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"Not a lot of reflective surfaces down in the sewer, huh? " asks an image consultant assigned to the Penguin's campaign, at which the Penguin tries to bite off his nose. De Vito deserves particular credit for conveying verve through the Penguin's feature-obscuring makeup, and for managing to seem charming even when drooling black ink. Walken, wonderfully debonair, would have been villain enough for any story, and is certainly one of the bright spots of this one. Because the film's predominant motif is that of wounded individuals re-inventing themselves as wily villains, its most memorable episodes are early ones explaining each main character's transformation. Beginning wittily with the troubled infancy of the Penguin -- as parents, Diane Salinger and a monocled Paul Reubens are seen throwing their offspring into a sewer, where he floats away to grow up among the birds -- the film moves on to the beleaguered secretary Selina Kyle (Michelle Pfeiffer) and her own peculiar evolution. But Max hurts her anyway, and only the efforts of a team of alley cats bring her back to life. It is weakest in a long, drawn-out finale that only emphasizes Mr. Burton's relative lack of interest in ordinary action sequences.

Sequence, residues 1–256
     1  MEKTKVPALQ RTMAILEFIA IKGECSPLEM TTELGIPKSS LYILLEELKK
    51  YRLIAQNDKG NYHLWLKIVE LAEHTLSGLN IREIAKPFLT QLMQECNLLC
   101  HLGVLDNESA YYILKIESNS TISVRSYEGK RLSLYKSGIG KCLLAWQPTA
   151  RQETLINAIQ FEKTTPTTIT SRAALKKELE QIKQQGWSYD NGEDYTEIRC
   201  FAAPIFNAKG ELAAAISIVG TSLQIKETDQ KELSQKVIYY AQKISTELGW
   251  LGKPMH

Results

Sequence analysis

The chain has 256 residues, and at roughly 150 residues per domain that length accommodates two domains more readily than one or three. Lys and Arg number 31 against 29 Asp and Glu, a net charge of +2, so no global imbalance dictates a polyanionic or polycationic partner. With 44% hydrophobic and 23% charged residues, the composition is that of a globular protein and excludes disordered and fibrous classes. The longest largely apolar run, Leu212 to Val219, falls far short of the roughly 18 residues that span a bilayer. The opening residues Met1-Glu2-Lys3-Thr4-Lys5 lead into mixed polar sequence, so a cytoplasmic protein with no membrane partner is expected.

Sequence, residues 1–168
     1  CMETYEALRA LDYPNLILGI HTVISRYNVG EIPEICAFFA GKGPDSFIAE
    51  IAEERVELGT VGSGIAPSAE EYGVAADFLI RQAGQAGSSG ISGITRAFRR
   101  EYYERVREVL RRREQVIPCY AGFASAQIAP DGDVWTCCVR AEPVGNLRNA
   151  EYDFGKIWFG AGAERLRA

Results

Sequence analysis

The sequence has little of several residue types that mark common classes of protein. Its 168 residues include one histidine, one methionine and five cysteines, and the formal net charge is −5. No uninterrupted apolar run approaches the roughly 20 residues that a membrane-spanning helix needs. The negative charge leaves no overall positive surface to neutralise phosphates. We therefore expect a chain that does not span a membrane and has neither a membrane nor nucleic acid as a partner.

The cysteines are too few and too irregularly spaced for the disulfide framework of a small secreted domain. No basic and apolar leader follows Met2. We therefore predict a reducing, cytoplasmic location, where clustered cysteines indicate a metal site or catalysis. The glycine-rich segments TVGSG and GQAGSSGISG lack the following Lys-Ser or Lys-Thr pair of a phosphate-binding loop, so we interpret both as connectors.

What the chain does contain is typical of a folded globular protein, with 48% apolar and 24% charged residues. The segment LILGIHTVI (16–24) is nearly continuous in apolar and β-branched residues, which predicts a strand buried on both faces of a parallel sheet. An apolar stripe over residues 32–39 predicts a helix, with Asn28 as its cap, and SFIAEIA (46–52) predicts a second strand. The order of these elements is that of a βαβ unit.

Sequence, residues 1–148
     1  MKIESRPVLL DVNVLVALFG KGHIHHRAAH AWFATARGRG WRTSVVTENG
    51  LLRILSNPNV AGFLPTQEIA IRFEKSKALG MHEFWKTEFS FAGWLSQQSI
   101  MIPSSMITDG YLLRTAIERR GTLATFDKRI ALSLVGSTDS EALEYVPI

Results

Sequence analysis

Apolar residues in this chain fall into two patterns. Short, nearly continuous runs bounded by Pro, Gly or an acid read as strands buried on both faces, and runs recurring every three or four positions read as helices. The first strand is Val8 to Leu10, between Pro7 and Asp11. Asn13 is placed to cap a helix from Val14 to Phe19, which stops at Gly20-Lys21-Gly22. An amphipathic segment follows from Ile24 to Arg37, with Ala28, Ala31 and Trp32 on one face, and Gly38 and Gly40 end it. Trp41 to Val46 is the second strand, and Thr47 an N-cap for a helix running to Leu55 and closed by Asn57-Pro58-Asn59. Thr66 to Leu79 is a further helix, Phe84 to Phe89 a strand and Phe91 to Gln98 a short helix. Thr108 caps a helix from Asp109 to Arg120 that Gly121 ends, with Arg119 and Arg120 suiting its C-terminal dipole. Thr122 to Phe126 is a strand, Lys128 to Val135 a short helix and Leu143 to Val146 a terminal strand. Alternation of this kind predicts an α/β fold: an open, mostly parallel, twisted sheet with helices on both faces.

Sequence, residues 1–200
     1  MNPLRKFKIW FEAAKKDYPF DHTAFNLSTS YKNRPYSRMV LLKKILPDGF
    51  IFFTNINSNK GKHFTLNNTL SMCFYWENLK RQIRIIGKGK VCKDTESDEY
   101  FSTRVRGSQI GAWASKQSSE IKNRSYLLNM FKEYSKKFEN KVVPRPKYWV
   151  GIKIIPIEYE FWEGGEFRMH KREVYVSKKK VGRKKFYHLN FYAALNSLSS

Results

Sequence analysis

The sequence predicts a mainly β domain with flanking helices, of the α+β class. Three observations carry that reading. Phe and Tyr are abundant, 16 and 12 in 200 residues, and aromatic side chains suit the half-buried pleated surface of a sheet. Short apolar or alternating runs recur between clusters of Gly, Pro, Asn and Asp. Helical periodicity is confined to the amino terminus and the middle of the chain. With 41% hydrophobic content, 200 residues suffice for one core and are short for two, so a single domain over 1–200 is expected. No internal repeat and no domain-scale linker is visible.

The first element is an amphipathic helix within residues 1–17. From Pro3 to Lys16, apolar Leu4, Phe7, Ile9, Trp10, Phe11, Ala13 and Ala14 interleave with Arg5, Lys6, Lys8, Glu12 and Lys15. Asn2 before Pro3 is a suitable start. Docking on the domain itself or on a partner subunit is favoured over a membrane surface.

And Daniel Waters, who wrote "Heathers," gives this screenplay a sharper edge than the earlier film's string of dull taunts and insults. BATMAN" was an exceptionally hard act to follow, and that's no compliment. It says less about the first film's dark ingenuity than about its sour, cynical spirit and its taste for smirking sadism, qualities that dimmed the urgency for a return visit to Gotham City and its trouble-plagued citizenry. Batman (Michael Keaton), is easily overlooked amid all the toys and troublemakers that surround him. This Batman, with motives and magical powers that are never made interesting, is at best a cipher and at worst a black hole. Keaton, who plays the character with appropriate earnestness) is symptomatic of this material's main shortcoming: almost nothing about it makes sense or particularly matters. Burton is often casual about plot considerations, which means that audiences watching his films are set adrift as if in dreams.